What Is a Stock Symbol (Ticker)?

Dec 19, 2023 By Susan Kelly

Stock symbols indicate identity, which is used to identify publicly traded companies by the letters. The ticker symbols are usually abbreviations using the company's name to identify a company's stock. Different stock exchanges use different rules for distributing stock symbols. For instance, securities traded in the New York Stock Exchange (NYSE) can contain up to four letters, with a few exceptions. However, NASDAQ stocks contain a maximum of five characters. The companies can select stock symbols of their own. Still, stock exchanges can refuse a company symbol when it's offensive, is a copy of the symbol of another company, or is misrepresented.


Understanding Stock Symbols


In the 1800s, before modern stock exchanges first came into existence, floor traders were required to relay the stock price of a traded company through writing or shouting their name and the business in full. When public companies grew from a few dozen to hundreds, they realized that this method was lengthy and slowed the information queue, inability to keep up with the constantly changing prices. This was especially true after the invention of the ticker tape for stock quote machines in 1867. To make it more efficient to communicate price changes in the company's stock to investors, the names of companies were reduced to using one or five Alpha symbols. Stock tickers continue to exist, but electronic displays have replaced ticker paper tape.


Apart from making it easier to save time and capture the exact price of a stock at the right moment, stocks are also helpful when two or more businesses have similar names. For instance, Citigroup (C) and Citizens Financial Group (CFG) have the same names, even though they're unrelated to one another: Citigroup is an international bank, and Citizens Financial Group is a company holding bank owned by Citizens Bank.


Some firms have spun off from the same company and have identical stock symbols. In November 2015, Hewlett-Packard split into two distinct companies: Hewlett Packard Enterprise (HPE) and HP Inc. (HPQ). Hewlett Packard Enterprise serves as the hardware and business service division and is focused on storage, servers, networking, and security. HP Inc. is the PC and printer division of the general public and has a lower market than HPE.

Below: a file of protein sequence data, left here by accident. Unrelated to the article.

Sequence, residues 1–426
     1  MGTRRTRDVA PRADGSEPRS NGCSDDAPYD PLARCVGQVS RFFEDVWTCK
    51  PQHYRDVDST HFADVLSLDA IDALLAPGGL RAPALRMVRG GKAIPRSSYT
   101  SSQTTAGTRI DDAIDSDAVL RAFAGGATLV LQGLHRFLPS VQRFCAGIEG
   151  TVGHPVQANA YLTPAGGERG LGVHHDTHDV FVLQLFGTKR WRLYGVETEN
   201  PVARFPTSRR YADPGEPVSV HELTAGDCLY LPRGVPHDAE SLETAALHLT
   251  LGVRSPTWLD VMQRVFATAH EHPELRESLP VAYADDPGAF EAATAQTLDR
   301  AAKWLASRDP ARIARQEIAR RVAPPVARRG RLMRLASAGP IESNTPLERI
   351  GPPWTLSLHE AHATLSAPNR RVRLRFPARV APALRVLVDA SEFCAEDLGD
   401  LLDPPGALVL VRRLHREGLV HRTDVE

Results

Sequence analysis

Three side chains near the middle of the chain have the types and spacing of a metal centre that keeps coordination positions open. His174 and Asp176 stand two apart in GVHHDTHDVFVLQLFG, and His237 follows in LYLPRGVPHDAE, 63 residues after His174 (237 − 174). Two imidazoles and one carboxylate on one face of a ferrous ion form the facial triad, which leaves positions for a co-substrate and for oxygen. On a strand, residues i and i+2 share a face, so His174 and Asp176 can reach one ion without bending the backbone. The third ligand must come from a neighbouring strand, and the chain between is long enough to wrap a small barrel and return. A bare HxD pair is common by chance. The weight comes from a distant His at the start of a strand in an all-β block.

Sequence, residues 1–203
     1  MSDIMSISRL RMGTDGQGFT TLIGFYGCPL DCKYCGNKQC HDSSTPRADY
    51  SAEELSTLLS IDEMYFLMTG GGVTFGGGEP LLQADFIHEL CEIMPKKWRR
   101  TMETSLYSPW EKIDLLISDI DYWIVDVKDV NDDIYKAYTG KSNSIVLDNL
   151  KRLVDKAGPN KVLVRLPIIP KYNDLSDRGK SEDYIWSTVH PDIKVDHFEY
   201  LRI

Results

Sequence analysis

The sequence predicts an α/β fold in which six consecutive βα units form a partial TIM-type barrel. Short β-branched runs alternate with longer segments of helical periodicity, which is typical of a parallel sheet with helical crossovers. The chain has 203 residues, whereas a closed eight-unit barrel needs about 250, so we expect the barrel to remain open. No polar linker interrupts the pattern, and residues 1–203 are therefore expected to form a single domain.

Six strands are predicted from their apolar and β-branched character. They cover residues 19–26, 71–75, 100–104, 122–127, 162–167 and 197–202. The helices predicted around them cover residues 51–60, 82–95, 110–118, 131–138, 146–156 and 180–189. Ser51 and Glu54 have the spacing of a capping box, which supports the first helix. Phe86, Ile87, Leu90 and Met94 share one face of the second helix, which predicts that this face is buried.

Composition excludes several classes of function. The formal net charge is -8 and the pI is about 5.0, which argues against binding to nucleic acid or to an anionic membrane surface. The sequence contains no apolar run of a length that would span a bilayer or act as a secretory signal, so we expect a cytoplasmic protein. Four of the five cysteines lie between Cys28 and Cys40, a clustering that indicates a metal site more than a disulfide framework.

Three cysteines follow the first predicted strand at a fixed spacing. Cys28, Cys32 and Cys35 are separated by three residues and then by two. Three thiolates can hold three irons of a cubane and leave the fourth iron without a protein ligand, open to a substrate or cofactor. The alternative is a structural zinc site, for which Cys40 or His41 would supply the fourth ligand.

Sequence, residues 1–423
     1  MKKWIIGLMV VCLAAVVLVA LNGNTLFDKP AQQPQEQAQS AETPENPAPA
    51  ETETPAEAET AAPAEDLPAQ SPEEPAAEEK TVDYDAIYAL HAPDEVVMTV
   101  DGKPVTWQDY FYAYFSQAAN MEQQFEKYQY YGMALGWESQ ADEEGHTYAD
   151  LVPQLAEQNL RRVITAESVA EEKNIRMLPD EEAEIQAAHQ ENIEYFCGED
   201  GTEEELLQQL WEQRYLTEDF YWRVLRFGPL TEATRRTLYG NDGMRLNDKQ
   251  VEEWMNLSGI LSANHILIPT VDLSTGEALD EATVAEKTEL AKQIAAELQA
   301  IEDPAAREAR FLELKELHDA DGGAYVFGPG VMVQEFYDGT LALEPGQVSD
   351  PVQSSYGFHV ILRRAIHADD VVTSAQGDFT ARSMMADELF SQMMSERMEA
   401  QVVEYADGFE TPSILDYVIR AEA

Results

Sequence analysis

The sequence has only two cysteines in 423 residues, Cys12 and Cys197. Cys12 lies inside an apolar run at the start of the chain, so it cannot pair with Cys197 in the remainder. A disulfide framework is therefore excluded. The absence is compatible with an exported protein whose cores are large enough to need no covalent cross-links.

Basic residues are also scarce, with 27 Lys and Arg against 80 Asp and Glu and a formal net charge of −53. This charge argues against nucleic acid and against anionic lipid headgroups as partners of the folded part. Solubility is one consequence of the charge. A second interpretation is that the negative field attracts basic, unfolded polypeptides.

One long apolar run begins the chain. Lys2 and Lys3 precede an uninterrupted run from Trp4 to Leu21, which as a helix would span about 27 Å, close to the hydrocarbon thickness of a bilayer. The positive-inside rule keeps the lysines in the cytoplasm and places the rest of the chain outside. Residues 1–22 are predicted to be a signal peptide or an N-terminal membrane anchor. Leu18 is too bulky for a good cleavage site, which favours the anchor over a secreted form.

Ticker Symbols and Companies' Identities


Ticker symbols can be utilized to differentiate the identities of businesses, in particular when two companies have similar names. In the past, a false identity harmed several investors after mistakenly identifying ticker symbols with businesses, resulting in massive stock price increases.


For instance, MassMutual Corporate Investors (MCI) and MCI Communications (MCIC) have similar symbols. Yet, they aren't affiliated with each other or any other way. But when both companies' prices are examined in conjunction, there is a connection between their volatility, returns, and the volume of trade when MCIC has made major announcements about announcements.


NYSE has boosted the status of companies by inviting existing firms to switch ticker symbols or by enticing companies trading with other exchanges into joining NYSE by displaying prominent ticker symbols. This strategy has been a major factor in ensuring the status of businesses that trade on the NYSE.


How You Can Use Ticker Symbols


Understanding a company's ticker symbol is crucial in purchasing or selling shares. If a friend of a trader discusses a trending stock when another trader uses an incorrect ticker symbol in trading, the trader could end up with the wrong investment. It could be a costly error. The tickers let traders set up watch lists or utilize software to track stock price fluctuations. This makes finding trades easy since tickers can be organized in ways that will help you keep your investments organized. If a ticker symbol includes the letter "E" after its name, the company is not in compliance with the regulations regarding financial reporting. When they have met the requirements, exchanges can remove the letter. If they do not, firms could be removed from the list and prevented from trading for some time until they comply with the regulations.



Tickers Can Be Confusing


A small business called Zoom Technologies (ZTNO), misunderstood as Zoom Video Communications (ZM) from the year 2020, experienced an abrupt increase in trading when people started working on Zoom technology to collaborate remotely in the course of COVID-19. The SEC shut down the trading of the stock for a brief time to avoid investors' confusion. Many investors had already given up on the idea of investing in herd behavior.

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